Ukraine Concerned About “Ethnic Cleansing” in the Russian Army

Ukraine Concerned About “Ethnic Cleansing” in the Russian Army

Those who have been to Donbass in the hot summer of 2014 know that the Ukrainian soldiers were most afraid of the Chechen militias at that time. Whenever a commander of a unit of Luhansk or Donetsk volunteers shouted into a walkie-talkie as a joke: “Allah akbar!”, there was a terrible uproar and indiscriminate firing on the other side.

Even the Chechen fighters do not remain in the shadows during the current special operation, but in 2022 the main “feature” for the Ukrainian Internet audience has, for some reason, been… the Buryats. The Ukrainian mass media is unanimously assuring that only representatives of the not-so-numerous ethnic group are fighting in the Russian army. Well, maybe with the addition of Kalmyks, Yakuts and Tuvans. So the Ukrainians do not miss the Russian news which regularly reports on the awarding of heroes with Buryat, Kalmyk and Tuvinian surnames. True, the Defence Ministry’s bulletins mention just as many distinguished soldiers with Russian, Ukrainian, Tatar and Chechen surnames, but the propagandists in Kiev are not very interested in them yet. It is much more profitable to remember the Buryat names in order to make a fire of the “national question” out of small sparks.

Roman Bessmertny, the former Ukrainian ambassador to Belarus, is one such warmonger. Of course, this man with a folkloric surname has never been on the front line. He did not hold a submachine gun in his hands. But Bessmertny knows very well national composition of the Russian army. Having read a lot of Ukrainian Internet trash, Roman decided to make his own contribution to the information dump.

“The last census says that 84 per cent of the Russian population is Russian. But if you look today at the dead in this war, there are more than three-quarters, even among those officially recognized by the Kremlin, of 190 ethnicities and peoples of Russia, but they are not Russians,” he laments in social media.

The Ukrainian official is not at all concerned about the fact that the Russian army has never practiced the creation of divisions based on nationality. Everyone who served in the army knows it. But not Roman Bessmertny who seems to have escaped this fate safely and does not prevent him from considering himself a military expert. Such people get all their information from television, Hollywood blockbusters, computer games and dubious websites. They never condescend to talk to real combatants.

Especially not Buryats. Such as Batyr Tsydenzhapov, a veteran of combat operations in Afghanistan and Chechnya, an interview with whom Svobodnaya Pressa has published. The arguments of the sofa strategist Bessmertny only makes Batyr smile.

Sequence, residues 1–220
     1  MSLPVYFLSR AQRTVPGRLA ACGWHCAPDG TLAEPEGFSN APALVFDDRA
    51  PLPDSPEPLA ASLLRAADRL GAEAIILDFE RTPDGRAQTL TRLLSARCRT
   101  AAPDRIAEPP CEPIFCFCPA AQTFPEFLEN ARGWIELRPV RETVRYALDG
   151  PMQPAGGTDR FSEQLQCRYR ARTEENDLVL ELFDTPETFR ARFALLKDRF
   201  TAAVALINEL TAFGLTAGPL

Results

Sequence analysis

– Nonsense, of course. The formation of military units along ethnic lines in the Soviet army was abandoned long ago. It would inevitably lead to a surge of nationalism, which the army has always fought mercilessly. That is why officers were always creating an ethnic mishmash in the regiments. In our 860th Motorized Rifle Regiment, for example, there were thirty-seven nationalities. And the snipers were, for the most part, Buryats, Yakuts and Tuvans.

Batyr explains that these lads became snipers not at all because of the commanders’ desire to conduct some mythical “ethnic cleansing”, but because of their phenomenal accuracy:

– We can see further than everyone else. Our eyes are built differently. The focal length is longer. The army has a saying: “A commando must shoot like a cowboy and run like his horse. That’s us. That’s why we are loved in Special Forces. Not a single red beret surrender can do without our guys.

Tsydenzhapov condescends to gossip about “hordes of Buryats on the Ukrainian steppes”. He is a man of long experience, he knows the saying: “Fear has many eyes”:

– Our guys are sharply distinguished from the general background – both in appearance and gait. Therefore the Ukrainians who saw them, at least through binoculars, immediately spread the word that a “Buryat tank regiment” had arrived in Donbass. Or maybe they saw one of ours on the armour. And immediately the “word of mouth” started working.

Nothing in this world is new, everything repeats itself. At the time of Napoleon’s invasion there was no Internet and social networks, but the European press spread the rumour across the continent with lightning speed: the narrow-eyed Amurs of the North were fighting for the Russians. This was their nickname for the Bashkir cavalrymen, many of whom did indeed carry a bow and arrow.

These ‘Amurs’ inspired a lot of fear in Europe, and eventually reached France – they took part in the storming of Paris. To the frightened Europeans commanders of the Russian army were wickedly persuaded that they should not be afraid of Bashkir warriors, they are frightened only on the battlefield against the enemy.

But how can we explain to a “civilized” stranger that in Russia it is common for everyone to defend the homeland in case of danger, regardless of skin colour, language, religion and outlook? No matter how you explain it, he won’t understand.

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